This fresh milk seller who called himself Disco has been operating his ‘Disco Corner Cafe’ or ‘Disco Fresh Milk’ stall by the side of Ayer Itam’s main road for many years. The stall is a favorite among the locals here and only starts operating during late evenings to late nights.
The Sisters’ Curry Mee in Ayer Itam is one of the oldest and most famous food stalls in Penang. Renowned for their heritage food taste, the curry mee is a must try for visitors in Ayer Itam. This local art mural is being created in honor of the sisters and can be found behind one of the alley ways of Ayer Itam town.
Since their retirement a couple years ago, the curry mee stall is now managed by their grandniece and it operates from morning to noon daily.
The new art murals located at the town of Ayer Itam, Penang. These murals depicts various local scenes of Ayer Itam, from the famous “Curry Mee Sisters” in the daytime to the popular nighttime “Disco Fresh Milk” seller in Ayer Itam.
Spotted this at one of the townhouses in George Town.
A traditional lion dance performance being held at an ancient stage at the old Khoo Kongsi compound in 2019.
The annual Chinese New Year (CNY) Decorations in Queensbay Mall. This year, the mall sees a far lesser crowd due to the COVID-19 pandemic and the Movement Control Order.
Today marks the 9th day of the Chinese Lunar New Year, which is also a big celebration of the Chinese Hokkien to express their gratitude to the Jade Emperor. It is also known as the Hokkien people’s new year, and in Penang where the majority of Chinese are Hokkiens, it is usually celebrated more widely (and ‘loudly’) than the first day of Chinese Lunar New Year.
It was said that during the Song Dynasty, Chinese Hokkien refugees were saved from being caught and killed by the Mongols on the same day of the Jade Emperor’s birthday after hiding in a sugarcane farm for nine consecutive days.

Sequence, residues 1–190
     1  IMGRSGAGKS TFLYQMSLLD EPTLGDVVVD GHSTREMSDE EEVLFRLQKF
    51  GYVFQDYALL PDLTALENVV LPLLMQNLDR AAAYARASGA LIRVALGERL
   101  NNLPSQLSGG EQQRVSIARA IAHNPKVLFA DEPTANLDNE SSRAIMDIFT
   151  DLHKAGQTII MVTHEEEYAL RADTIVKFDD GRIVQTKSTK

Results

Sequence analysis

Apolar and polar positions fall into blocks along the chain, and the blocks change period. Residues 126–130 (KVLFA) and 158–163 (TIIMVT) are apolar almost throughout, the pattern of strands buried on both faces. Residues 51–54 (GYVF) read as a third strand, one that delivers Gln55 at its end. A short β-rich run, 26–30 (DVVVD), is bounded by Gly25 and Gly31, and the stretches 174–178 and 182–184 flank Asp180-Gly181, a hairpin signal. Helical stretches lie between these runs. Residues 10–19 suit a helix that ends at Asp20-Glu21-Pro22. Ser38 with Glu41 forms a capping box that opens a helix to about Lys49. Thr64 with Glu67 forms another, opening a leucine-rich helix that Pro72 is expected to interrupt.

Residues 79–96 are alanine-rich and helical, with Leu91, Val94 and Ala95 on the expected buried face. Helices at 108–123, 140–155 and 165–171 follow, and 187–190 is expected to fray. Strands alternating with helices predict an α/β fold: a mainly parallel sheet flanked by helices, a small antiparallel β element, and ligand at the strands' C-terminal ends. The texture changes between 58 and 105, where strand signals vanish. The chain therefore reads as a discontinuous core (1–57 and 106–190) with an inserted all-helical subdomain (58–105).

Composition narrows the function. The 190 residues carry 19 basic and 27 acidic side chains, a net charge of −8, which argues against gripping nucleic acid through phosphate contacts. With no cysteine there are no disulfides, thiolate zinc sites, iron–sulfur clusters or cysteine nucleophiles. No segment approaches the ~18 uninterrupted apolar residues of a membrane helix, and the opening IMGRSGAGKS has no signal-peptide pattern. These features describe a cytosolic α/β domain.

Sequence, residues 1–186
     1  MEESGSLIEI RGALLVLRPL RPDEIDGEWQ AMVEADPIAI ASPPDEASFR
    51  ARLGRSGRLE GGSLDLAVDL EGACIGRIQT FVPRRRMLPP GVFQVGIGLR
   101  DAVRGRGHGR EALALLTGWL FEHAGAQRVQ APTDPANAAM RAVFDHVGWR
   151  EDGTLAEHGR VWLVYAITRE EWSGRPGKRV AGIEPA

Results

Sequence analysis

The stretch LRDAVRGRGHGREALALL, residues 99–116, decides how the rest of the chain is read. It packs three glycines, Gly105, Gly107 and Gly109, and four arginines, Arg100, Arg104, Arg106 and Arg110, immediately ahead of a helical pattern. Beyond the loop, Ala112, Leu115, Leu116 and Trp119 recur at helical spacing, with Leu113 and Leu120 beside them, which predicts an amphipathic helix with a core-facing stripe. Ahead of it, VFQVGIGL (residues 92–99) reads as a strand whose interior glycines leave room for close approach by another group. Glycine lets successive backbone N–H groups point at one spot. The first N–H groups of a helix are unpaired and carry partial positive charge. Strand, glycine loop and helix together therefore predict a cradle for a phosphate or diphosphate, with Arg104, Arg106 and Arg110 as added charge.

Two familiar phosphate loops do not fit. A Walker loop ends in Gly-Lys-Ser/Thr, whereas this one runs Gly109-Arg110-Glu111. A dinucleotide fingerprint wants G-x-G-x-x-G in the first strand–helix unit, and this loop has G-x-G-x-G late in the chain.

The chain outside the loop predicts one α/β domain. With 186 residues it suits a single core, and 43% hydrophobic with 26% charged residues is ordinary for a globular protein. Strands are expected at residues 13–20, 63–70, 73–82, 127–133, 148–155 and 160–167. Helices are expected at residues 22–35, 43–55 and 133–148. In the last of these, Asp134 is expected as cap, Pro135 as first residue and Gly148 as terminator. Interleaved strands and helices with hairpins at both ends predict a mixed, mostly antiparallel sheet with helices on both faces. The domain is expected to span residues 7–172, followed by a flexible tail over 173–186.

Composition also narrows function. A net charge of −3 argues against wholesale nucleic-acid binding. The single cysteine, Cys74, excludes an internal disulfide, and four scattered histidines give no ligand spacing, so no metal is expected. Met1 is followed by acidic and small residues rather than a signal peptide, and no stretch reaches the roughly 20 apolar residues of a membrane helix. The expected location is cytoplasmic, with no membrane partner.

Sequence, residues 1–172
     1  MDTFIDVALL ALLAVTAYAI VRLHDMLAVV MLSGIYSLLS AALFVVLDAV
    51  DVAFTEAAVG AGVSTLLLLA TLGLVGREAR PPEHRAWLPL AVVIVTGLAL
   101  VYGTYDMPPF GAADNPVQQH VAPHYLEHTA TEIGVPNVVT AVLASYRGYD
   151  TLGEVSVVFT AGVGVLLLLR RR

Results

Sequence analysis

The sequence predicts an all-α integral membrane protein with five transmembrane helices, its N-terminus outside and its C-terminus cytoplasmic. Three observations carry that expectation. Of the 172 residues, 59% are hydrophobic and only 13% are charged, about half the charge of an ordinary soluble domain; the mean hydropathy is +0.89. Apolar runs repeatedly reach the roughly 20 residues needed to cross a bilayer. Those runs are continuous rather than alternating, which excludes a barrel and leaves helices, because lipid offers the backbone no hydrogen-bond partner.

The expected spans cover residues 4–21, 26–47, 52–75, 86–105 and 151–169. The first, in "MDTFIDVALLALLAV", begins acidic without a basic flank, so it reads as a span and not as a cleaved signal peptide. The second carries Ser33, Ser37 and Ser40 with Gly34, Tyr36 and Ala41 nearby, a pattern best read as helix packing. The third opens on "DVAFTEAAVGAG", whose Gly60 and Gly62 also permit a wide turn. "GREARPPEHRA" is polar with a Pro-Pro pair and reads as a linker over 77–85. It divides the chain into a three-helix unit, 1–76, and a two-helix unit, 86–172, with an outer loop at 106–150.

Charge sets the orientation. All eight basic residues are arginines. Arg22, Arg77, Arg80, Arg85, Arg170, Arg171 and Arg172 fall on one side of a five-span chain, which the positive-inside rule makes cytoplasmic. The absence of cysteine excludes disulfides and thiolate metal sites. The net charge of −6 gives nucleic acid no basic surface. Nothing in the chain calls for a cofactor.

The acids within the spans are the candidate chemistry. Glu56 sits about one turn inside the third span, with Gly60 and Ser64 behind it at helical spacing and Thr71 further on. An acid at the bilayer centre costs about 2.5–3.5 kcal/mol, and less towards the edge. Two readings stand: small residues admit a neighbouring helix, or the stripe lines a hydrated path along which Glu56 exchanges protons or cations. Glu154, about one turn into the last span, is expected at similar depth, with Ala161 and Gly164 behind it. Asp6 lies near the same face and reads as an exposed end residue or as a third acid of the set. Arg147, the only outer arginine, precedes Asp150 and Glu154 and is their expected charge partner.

Hence, as a gratitude and believing that the Jade Emperor had blessed and saved them, the Hokkiens celebrated this occasion by offering prayers (usually including sugarcane too) to the Jade Emperor.
A photo taken during the George Town Chinese New Year festival back in February 2020. This year, due to the COVID-19 pandemic and the Movement Control Order, no large celebrations, travel or mass gatherings will be allowed for Chinese New Year.
Kek Lok Si Temple, for the first time, will be broadcasting its lighting ceremony virtually today via Facebook for the coming Chinese New Year. This is due to the current Movement Control Order which is put in place across the country till 18 February, in view of the COVID-19 pandemic.
The virtual ceremony will start at 7pm today (GMT+8, 7 February) and those interested, can watch the virtual ceremony here: LINK
Chulia Lane is a small street in George Town that runs from Stewart Lane to Chulia Street. In the old days, the street was known as “17 Houses Street” due to the number of heritage townhouses that once lined up along the street. Presently, some of these townhouses have been converted to inns and cafes.
A steel rod art sculpture located at Chulia Lane.